As I climb higher up the gray switchback staircase of rickety wooden boards my body tenses with the increasing height, even as my mind knows I am safe, that the stairs beneath my feet will support me. Already present is that indescribable bodily sense, that physical intuition that seems only able to be captured wordlessly, by something as unarticulated as an ellipsis. . .I step out onto the gravel of the roof to be met by the sight of the flaming orb of the setting Sun. This closest of stars burns the clarity from the landscape, blurring the features of the horizon line being pulled toward it: hill, forest, and stretch of ocean I can only perceive in memory as the deepening gold of sunset shatters my sight into uncountable, undifferentiable monads of color.
A text means nothing to me until it is suffused with image. As I sit with book in hand, the slightly rough texture of the pages meeting the pads of my fingers with a soft sound, I am somehow more aware of the breathing presence of the room around me, of the book’s scent, rather than the black ink words upon the page. Reading a line takes me out of the space in which I sit. Reading another takes me further out, yet also pulls me further into the text. Yet not until the first sentence of the third paragraph does the text ground itself in an image, something I can grasp beyond, or perhaps before, my intellect can take hold of it. The sentence is “The perceiving mind is an incarnated mind.” Reading that line, I cannot doubt my own incarnation. As is written just three pages later, “Before our undivided existence the world is true; it exists. The unity, the articulations of both are intermingled.” I can feel that I myself exist, not because I think, but because I can perceive myself: perceiving my breathing, perceiving touch, feeling, sensuality, this textured book in my grasp.
I am standing on the precipice of a mountain gazing westward, into the molten fire of the setting Sun. One hundred and twenty degrees to my left, an angle my body can hold within itself as I gaze in both directions, the waxing Moon rises over the further arches of a vermillion and rose stained ridge. I can feel the relationship of Sun and Moon within my body, somehow feeling my heart as the third point in this harmonious triangle. “We grasp external space through our bodily situation.” Standing between rising Moon and setting Sun I know their relationship because my body is in relationship to each of them. “We also find that spatial forms or distances are not so much relations between different points in objective space as they are relations between these points and a central perspective—our body.” As I read each page of Merleau-Ponty’s words they gain meaning only as much as the image of these cosmic luminaries are able to saturate the words.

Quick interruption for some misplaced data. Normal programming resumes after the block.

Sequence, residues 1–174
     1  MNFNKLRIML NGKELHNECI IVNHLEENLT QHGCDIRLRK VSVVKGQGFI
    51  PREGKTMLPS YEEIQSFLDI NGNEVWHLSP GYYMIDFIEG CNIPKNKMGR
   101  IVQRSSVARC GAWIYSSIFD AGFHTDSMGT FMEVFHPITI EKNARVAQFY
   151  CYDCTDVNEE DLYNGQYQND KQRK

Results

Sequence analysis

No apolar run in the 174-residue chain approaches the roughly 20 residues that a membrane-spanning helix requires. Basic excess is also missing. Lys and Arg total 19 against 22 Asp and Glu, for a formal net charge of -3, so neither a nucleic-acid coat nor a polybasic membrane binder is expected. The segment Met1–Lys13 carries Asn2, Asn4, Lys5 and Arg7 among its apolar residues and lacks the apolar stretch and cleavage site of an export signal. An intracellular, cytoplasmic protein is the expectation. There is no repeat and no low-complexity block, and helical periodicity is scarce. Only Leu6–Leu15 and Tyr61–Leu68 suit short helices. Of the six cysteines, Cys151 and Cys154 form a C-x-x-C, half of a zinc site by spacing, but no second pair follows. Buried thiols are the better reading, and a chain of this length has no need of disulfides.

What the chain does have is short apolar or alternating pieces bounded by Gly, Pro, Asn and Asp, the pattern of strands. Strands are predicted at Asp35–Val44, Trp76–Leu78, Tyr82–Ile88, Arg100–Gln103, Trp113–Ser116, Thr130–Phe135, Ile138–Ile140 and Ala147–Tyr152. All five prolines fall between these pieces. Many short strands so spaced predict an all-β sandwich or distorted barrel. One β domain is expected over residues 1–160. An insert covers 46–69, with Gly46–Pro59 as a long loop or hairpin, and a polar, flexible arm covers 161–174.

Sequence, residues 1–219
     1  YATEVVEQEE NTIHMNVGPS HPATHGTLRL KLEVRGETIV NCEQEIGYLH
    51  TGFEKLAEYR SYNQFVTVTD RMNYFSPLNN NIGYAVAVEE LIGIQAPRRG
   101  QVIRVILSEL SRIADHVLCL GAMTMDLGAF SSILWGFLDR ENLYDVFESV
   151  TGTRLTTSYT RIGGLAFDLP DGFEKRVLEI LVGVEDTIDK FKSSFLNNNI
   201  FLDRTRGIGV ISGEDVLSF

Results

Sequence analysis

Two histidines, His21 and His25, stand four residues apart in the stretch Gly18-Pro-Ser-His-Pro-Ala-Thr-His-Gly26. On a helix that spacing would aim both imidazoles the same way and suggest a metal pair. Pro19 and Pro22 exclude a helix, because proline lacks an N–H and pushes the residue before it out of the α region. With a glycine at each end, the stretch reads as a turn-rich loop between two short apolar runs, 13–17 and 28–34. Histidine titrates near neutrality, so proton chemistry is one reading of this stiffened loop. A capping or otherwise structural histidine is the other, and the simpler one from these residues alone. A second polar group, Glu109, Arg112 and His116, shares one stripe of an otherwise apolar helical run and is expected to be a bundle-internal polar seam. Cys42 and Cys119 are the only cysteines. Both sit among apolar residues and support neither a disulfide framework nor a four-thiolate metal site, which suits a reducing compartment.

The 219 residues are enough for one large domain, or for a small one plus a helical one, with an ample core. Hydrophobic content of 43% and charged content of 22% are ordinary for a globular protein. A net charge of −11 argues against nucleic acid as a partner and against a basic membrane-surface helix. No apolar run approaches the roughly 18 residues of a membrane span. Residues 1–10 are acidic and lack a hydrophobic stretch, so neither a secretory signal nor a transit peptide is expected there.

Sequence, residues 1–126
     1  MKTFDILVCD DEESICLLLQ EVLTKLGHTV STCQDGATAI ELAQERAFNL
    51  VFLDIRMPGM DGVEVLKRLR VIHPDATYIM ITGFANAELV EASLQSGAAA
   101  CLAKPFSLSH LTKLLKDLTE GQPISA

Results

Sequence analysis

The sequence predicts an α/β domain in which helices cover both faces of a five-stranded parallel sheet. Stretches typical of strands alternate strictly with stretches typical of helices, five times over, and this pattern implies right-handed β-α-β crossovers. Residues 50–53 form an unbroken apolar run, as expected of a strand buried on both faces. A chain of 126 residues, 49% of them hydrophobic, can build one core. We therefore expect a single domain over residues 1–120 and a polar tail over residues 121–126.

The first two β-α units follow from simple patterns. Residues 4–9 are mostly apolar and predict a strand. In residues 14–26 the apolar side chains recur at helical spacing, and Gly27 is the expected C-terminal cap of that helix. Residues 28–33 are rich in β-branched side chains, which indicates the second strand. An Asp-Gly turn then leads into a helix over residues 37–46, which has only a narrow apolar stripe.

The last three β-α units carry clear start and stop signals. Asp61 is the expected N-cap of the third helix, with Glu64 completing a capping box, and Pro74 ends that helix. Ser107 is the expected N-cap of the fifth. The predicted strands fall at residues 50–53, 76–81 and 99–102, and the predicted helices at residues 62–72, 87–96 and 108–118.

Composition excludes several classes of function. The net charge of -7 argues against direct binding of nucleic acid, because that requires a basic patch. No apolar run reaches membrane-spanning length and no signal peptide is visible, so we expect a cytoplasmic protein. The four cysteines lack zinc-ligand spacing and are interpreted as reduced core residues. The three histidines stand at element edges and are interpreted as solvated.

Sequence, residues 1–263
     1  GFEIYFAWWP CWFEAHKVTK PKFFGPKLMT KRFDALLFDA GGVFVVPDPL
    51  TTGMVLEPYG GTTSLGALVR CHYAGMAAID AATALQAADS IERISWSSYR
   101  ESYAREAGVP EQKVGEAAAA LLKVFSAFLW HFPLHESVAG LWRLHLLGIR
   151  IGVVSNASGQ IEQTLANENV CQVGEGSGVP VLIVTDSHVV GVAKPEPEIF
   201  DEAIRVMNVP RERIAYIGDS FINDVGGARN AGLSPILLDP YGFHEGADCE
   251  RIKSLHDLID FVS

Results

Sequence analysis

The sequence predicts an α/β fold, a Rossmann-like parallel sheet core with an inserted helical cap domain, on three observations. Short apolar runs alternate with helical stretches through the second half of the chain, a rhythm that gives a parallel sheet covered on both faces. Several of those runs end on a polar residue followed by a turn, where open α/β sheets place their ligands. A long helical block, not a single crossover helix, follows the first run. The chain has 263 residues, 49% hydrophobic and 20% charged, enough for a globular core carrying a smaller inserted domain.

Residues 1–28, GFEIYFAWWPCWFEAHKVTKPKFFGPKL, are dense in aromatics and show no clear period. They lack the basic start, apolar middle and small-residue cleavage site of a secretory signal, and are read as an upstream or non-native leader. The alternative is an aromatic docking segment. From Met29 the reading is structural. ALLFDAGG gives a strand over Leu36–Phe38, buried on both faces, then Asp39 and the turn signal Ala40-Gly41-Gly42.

I am a full participant in this moment. My body is in relationship with these two powerful celestial bodies that light up our world, that pull all of the existence I know forward along its spiraling path. “For us the body is much more than an instrument or a means; it is our expression in the world, the visible form of our intentions.” This seems to hold true not only for my own body, but each body I am able to witness: the flaming Sun, the pregnant Moon, blazing Venus as it becomes visible in the cooling hues of the sky, the point of light that is Saturn that appears not long after Venus makes her debut, and the solidity of the Earth beneath my feet. Each are bodies giving visible form to their intentions.
 Maurice Merleau-Ponty, The Primacy of Perception, ed. James M. Edie (Evanston, IL: Northwestern University Press, 1964), 3.